I love animal shifter legends and one that caught my attention when researching for “Dance to a Wylder Beat” was the legend of the Ephraim shifters. When Lewis and Clark began their exploration of the western United States, they were surprised to find it teeming with giant bears. It is estimated, in Lewis and Clark’s time, there were over 50,000 grizzly bears and many (now extinct) species of giant black bears in their path. (Interagency Grizzly Bear Committee) Any bear on his hind legs taller than a human man was given the name “Ephraim” and known as a danger to herds, crops, and humans.
As towns sprung up along the east-west railway line, these bears grew in reputation. The original Ephraim legend (as far as I could trace) comes from an 1811 pamphlet detailing the banishment of a man to the mountains from his town. The fur trader was a swindler, a thief, and subsequently forced to winter in the mountains. When he was found by hunters the following spring, he was more bear than man. It was said he “shifted (changed) into an Ephraim”. The nomadic fur-trading mountain men were common in the wild west. Many of them lived off the land after being ousted from towns. They were called “mountain men” but the least civilized were given the designation of “Ephraim”.
Artist Rendition of Ephraim from True West Magazine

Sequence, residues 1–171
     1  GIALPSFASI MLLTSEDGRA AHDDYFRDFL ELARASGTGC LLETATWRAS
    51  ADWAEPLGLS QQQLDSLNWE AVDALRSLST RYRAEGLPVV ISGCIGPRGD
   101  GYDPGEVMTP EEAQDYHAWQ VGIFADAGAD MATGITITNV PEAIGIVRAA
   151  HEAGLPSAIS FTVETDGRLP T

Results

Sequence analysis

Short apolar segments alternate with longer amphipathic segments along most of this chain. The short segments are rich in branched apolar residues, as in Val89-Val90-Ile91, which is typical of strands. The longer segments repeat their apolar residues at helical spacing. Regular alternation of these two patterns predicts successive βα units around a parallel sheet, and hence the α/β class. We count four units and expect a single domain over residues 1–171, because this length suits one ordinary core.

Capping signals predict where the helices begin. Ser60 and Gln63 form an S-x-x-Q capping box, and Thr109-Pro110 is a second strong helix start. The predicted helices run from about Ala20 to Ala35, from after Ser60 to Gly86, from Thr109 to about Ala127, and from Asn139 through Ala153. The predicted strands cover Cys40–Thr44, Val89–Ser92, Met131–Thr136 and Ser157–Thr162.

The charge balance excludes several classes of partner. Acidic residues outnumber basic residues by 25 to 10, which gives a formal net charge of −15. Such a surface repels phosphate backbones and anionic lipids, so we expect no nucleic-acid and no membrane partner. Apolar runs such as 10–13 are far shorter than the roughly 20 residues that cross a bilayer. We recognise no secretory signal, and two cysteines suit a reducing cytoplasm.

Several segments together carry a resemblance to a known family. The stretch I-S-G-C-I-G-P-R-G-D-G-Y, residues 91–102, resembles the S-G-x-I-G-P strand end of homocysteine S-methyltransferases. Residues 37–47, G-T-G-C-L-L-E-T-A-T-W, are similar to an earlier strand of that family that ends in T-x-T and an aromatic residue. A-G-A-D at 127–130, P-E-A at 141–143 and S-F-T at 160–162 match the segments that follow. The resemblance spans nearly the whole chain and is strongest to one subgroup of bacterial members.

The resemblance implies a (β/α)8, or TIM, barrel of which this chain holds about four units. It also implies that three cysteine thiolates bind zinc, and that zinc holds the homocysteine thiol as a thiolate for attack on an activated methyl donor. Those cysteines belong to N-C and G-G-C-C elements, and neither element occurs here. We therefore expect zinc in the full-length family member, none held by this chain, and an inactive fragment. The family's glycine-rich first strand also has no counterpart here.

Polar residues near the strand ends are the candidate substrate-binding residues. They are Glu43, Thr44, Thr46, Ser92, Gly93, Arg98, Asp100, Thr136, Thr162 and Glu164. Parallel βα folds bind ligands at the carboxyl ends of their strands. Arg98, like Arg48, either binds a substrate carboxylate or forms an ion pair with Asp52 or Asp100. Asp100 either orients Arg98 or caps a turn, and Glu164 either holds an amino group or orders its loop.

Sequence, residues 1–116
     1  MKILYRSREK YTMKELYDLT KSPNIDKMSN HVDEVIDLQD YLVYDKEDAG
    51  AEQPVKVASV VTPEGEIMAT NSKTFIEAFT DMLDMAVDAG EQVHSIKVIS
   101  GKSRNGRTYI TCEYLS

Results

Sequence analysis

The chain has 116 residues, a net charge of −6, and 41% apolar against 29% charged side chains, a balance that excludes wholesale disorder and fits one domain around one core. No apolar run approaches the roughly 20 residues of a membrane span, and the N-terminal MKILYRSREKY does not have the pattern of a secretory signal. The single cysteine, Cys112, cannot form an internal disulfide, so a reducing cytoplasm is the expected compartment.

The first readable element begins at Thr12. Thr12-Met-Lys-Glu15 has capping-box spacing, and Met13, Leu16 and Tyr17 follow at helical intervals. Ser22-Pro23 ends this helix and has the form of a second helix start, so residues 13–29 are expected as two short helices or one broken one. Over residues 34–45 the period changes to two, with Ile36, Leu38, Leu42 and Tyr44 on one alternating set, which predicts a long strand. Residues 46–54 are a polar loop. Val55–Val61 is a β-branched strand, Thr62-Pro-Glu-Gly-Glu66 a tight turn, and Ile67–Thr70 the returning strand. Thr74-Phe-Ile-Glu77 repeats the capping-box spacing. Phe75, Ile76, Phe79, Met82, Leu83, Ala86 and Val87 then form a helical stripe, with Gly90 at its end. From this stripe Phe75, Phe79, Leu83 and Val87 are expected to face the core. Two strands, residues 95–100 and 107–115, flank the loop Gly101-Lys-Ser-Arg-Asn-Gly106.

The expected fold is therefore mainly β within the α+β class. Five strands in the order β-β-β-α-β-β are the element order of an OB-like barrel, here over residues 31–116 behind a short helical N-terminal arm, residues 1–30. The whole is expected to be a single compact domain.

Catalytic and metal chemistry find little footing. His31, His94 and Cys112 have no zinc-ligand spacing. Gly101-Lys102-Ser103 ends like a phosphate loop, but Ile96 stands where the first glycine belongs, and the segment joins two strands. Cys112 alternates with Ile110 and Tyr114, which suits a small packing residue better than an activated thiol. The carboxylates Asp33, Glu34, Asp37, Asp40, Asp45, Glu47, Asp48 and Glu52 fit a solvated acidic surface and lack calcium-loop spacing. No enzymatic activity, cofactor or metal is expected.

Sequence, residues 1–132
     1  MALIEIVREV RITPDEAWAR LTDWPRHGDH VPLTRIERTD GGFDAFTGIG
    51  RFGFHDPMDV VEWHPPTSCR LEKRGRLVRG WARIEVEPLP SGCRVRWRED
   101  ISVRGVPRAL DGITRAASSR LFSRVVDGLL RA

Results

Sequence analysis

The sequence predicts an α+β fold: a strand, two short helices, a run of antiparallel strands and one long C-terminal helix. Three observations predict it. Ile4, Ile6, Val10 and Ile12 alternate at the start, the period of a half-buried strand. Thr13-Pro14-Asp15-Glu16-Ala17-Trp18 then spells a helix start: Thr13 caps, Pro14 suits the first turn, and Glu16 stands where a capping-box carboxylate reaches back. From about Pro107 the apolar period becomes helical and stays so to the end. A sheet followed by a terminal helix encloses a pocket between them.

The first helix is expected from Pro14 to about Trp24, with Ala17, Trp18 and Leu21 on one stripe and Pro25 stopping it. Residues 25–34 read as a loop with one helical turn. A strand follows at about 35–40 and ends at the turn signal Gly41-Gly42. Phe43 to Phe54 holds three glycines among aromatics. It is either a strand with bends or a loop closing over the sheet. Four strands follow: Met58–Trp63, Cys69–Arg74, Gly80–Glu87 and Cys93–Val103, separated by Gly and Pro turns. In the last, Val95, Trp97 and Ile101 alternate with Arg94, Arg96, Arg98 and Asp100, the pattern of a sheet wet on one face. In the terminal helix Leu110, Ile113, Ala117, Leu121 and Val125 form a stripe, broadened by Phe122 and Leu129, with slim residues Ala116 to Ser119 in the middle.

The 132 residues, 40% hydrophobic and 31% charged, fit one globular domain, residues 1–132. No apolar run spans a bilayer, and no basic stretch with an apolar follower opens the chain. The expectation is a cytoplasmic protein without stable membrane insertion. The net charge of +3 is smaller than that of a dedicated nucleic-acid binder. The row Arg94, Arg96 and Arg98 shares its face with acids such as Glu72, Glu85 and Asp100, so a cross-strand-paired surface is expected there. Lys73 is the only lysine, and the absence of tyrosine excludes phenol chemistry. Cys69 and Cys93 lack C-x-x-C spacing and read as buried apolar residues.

Could I use this term in my romance set in 1878? Short answer is yes. I came across the legend of “Old Ephraim” who was a giant grizzly bear who seemed to possess human-like intelligence. Old Ephraim was a nine-foot eleven-inch bear who ate flocks of sheep like bags of potato chips. He had distinctive tracks because one of his paws had three toes. (University of Utah). He harassed the farmers of Utah for 92 years until his death in 1923. However, his legend lived on for decades when P.T. Barnum named his oversized bear “Old Ephraim” in his traveling circus. (Legends of Old Ephraim)
Photo of Old Ephraim Monument in UT, taken by Mystery of Utah History.
As a paranormal romance author, I couldn’t resist resurrecting the Ephraim legend. What if one of these mountain men had a feral family with feral children? If they continued with their wild existence, they would adapt to become more and more like bears. What if one of these children got separated from the group and had to fend for him/herself? An Ephraim child wouldn’t have the option of the foster system in the wild west. Who would be connected enough to nature with a sense of community that overrides their suspicion of the paranormal to take care of such a child? Roaming the wilderness would nurture them into a feral adult, right?
These questions became the backstory for Olive Muegge in my upcoming release “Dance to a Wylder Beat”. She relocates to the civilized town of Wylder (1878 Wyoming Territory) at the request of a cryptic telegraph ad. It was written by Nartan Sagebrush who lives on the edge of Wylder as a leather tanner with his brother, Ikshu. Nartan longs for the community he had as part of the Arapaho tribe before they moved onto the reservation in 1874 without him. He asks his spirit guides for help to assimilate into the settler social circles of Wylder. When Olive arrives, Nartan wonders if his request was misinterpreted or if his guides have decided to mess with him…again. Will Olive destroy Nartan’s life like a true Ephraim or find a place in the Wylder community for his family? Find out in Dance to a Wylder Beat in the spring of 2021 from The Wild Rose Press…here’s an exclusive first look at the back of the book blurb!